Absolutely. And yet this can be a challenge, for many reasons. Students working towards the required graduate degree in Communication Disorders & Sciences must not only master a vast array of disorder-related knowledge, but must also develop critical thinking skills sufficient to support the ability to, eventually, make accurate diagnoses, and generate defensible recommendations. And, clearly, we also must foster students’ ability to communicate those conclusions and recommendations in the language of the consumer—whomever that may be. In any given day, a speech-language pathologist or audiologist may need to communicate information to a neurologist, then the spouse of a patient with a traumatic brain injury, followed by the radiologist, and then the patient himself. If we are working in an educational environment, our audience might range from the classroom teacher to the one-on-one aide for a student with disabilities, followed immediately by a conversation with parents, and then a group of six four-year old children. We must learn to convey information clearly, accurately, tactfully, and honestly. In plain language. For the consumer.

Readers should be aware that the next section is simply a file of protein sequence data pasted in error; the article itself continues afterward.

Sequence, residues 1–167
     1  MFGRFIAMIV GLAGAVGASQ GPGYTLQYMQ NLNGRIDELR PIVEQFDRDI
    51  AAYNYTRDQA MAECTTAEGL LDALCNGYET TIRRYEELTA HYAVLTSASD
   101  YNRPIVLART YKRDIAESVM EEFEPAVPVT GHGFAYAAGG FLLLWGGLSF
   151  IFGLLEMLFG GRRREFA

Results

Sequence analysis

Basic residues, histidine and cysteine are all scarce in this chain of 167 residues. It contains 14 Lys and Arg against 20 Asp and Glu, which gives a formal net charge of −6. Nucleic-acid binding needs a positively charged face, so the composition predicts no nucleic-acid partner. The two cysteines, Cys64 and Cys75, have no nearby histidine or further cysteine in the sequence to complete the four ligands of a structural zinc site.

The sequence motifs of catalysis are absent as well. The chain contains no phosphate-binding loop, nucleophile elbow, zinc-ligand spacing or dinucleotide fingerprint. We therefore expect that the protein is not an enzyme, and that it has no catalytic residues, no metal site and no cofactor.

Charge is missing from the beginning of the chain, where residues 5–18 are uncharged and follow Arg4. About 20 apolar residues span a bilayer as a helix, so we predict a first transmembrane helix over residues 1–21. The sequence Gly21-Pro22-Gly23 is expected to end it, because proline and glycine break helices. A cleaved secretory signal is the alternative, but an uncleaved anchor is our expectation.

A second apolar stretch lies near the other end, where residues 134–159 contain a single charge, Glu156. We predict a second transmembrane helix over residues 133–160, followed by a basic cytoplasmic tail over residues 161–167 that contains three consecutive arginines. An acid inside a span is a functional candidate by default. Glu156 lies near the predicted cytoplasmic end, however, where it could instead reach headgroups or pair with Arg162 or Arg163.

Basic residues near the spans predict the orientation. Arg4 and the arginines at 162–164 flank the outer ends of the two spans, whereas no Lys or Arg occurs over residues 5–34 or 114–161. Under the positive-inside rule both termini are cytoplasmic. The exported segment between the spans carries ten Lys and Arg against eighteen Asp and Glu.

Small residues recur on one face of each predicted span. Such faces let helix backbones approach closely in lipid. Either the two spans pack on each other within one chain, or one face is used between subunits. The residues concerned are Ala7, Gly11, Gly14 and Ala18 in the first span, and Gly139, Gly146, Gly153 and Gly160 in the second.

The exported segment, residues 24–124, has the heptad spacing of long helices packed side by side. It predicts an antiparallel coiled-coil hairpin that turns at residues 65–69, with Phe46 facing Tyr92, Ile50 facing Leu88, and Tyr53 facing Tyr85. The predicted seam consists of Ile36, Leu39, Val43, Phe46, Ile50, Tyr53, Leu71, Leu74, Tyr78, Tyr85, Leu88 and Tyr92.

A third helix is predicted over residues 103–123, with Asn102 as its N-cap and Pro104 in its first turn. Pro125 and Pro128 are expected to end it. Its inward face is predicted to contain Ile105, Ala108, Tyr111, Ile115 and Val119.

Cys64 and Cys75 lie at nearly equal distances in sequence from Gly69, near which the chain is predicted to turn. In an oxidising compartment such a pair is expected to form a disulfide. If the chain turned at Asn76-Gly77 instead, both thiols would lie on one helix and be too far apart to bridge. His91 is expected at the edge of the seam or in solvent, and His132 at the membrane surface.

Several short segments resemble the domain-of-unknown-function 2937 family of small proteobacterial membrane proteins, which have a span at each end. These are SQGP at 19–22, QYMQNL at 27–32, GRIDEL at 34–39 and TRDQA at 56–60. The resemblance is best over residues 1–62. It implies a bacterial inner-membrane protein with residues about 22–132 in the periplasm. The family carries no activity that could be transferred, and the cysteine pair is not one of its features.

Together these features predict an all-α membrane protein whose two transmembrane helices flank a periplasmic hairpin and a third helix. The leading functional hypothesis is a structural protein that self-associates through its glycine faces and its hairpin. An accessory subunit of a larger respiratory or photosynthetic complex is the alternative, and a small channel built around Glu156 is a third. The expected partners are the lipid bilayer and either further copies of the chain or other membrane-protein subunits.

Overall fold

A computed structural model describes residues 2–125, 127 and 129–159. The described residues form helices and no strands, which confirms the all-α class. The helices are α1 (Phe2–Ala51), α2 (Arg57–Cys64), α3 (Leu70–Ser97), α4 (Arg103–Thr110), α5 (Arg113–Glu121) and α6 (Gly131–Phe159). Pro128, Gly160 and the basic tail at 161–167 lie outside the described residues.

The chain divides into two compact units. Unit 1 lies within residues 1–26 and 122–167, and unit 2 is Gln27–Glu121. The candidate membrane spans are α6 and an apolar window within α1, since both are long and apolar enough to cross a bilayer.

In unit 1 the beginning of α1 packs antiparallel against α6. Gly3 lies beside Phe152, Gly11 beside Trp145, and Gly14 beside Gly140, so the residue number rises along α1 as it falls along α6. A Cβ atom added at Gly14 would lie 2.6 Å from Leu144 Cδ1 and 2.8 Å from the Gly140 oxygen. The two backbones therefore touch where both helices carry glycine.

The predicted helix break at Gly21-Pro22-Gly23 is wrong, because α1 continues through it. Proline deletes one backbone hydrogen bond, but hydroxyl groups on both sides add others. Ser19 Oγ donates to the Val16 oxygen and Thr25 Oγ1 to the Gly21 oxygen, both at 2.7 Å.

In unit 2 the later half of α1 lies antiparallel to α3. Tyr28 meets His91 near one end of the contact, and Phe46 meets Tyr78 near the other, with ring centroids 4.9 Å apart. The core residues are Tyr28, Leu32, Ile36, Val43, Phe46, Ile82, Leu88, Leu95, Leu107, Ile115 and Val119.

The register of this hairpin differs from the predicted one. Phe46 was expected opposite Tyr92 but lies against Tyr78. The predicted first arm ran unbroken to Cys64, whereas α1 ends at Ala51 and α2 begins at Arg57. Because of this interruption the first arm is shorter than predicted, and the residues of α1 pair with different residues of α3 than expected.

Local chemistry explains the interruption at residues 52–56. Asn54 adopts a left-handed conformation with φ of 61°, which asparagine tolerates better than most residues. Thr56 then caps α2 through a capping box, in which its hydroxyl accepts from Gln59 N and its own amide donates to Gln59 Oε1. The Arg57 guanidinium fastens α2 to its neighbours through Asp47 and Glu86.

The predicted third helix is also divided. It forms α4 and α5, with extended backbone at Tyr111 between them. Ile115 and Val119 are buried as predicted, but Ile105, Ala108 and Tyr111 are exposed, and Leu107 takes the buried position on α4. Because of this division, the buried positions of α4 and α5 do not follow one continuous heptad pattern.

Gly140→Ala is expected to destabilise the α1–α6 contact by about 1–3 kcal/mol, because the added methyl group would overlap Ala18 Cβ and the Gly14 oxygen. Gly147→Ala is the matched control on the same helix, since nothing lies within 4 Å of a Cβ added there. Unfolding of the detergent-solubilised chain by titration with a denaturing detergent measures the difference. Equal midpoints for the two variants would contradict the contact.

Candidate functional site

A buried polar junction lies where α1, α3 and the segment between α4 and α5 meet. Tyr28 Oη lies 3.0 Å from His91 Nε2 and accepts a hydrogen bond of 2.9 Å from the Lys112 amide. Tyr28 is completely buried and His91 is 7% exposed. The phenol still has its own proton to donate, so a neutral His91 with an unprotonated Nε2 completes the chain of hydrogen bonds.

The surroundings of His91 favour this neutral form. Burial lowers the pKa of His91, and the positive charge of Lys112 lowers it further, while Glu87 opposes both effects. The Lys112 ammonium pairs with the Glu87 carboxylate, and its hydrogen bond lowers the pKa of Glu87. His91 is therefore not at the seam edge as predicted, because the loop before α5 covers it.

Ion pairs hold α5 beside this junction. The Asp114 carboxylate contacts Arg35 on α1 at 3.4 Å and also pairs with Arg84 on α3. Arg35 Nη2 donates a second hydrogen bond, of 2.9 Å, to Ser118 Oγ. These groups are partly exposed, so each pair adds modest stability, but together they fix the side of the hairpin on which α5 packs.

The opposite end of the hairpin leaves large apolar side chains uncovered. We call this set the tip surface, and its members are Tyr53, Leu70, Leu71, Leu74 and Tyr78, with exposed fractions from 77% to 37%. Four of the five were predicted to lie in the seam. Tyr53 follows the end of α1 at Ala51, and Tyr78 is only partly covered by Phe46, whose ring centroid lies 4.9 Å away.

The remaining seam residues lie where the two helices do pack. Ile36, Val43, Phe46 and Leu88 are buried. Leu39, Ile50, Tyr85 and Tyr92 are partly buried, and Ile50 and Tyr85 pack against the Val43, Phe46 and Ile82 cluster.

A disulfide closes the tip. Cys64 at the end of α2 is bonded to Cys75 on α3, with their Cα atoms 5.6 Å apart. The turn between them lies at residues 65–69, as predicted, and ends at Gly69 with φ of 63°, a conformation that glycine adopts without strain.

3. What type of writing assignments do you usually craft?
I try to give students the opportunity to practice communicating complicated information to a particular audience for a specific reason. For example, two of the assignments I have given in class this semester have required students to explain various aspects of traumatic brain injury and protection of the brain to parents of children or adolescents. The assignments required students to write this text as though they were hired to write educational brochures—the kind of reading material you pick up when you sit for an hour at the doctor’s office. Learning to think more deliberately about the audience, and the tone, of my writing assignments has definitely been one of the advantages of my collaboration with Greg (Peterson), the Writing Fellow dedicated this semester to my neurology class (CDS 3500).